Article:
Shower Valve: Repair a Leak Shower Valve: Repair a Leak
If you are anxious about a leak in your shower, then you may want to know how to repair shower valve parts. The shower valve may sometimes drip simply because it has not been turned hard enough to full block the flow of water, but the constant drip can get on your nerves, and give you a high water bill. Fixing the problem of a leaky shower valve can sometimes lead to you calling for a plumber, but if you have some basic home improvement skills you can easily repair shower valve leaks and prevent yourself from having to pay a higher water bill.
Step 1 - Turn off the Water
Before you do anything else, you should turn off the water supply to your bathroom. This will prevent the leak from continuing while you are working, and will also prevent you from getting a face full of water if you make a mistake. Turn off the water supply at the mains, and then run all of the water in your bathroom until the pipes are completely empty. When the water is drained, put the plug into your tub, or cover the shower drain with a towel, as this will prevent you from losing screws by having them fall into the drain.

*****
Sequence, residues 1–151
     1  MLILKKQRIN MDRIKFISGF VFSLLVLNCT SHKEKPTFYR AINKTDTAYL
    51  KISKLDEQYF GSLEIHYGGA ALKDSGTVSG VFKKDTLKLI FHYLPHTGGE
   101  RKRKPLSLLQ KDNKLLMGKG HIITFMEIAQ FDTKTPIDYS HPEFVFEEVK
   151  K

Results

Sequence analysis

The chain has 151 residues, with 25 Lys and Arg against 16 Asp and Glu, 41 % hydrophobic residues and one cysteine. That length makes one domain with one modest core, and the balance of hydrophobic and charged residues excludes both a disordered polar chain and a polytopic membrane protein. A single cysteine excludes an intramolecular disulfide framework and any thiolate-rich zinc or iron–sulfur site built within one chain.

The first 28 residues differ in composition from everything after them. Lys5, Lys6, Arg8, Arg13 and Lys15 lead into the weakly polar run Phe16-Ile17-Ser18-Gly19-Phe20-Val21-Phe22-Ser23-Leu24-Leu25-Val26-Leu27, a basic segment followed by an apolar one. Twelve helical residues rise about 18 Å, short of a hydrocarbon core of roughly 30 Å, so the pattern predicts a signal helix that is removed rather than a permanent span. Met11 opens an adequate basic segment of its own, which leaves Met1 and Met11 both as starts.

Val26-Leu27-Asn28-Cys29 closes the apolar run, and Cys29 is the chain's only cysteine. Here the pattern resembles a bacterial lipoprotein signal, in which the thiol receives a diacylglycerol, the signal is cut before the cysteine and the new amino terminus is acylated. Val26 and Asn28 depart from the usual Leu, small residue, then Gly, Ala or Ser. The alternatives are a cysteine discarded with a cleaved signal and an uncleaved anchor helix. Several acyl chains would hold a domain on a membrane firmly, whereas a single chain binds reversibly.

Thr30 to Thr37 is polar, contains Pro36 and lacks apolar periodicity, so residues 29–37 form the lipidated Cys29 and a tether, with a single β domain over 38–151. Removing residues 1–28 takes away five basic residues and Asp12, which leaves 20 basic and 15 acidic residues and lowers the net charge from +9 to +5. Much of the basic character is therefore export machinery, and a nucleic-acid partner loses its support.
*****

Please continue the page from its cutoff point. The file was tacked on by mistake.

Step 2 - Remove the Shower Knob
Take off the shower faucet knob beginning with the hot/cold dial in the center. These usually pop out if you pry them with a screwdriver tip, or the edge of a craft knife. You should then place this to one side. Once the cover is off, you should be able to see a screw inside you shower knob. This may be difficult if it is covered with dirt and grease, so go carefully. Take off the shower knob.
Step 3 - Replace the Valve
Once you have the shower knob off, you should be able to remove the shower valve itself. You may find that it has become oxidized, or just covered with slime, which can hinder its movement, but you should be able to grip it firmly and unscrew if you have a shower wrench, which is designed to have a stronger grip for slippery items. Look at the valve, and decide whether you wish to replace it fully, or simply remove the washers around it. Washers are fairly cheap, but shower valves will only cost around $30, and you will get a completely new valve for it. Insert the shower valve into the hole, and screw back into place.
Step 4 - Refit the Shower Faucet
The final step is the easiest, as you simply have to fit back everything that you removed. It is a good idea to cover your parts with a little grease, so that they can move freely in future. Push the shower knob into place, and hold it firmly against the hole while you screw it tightly into position. Add caulk to protect the shower faucet from leaks. Take the cover, and slide that down into the hole first, and then push to top into the wall until you hear a click.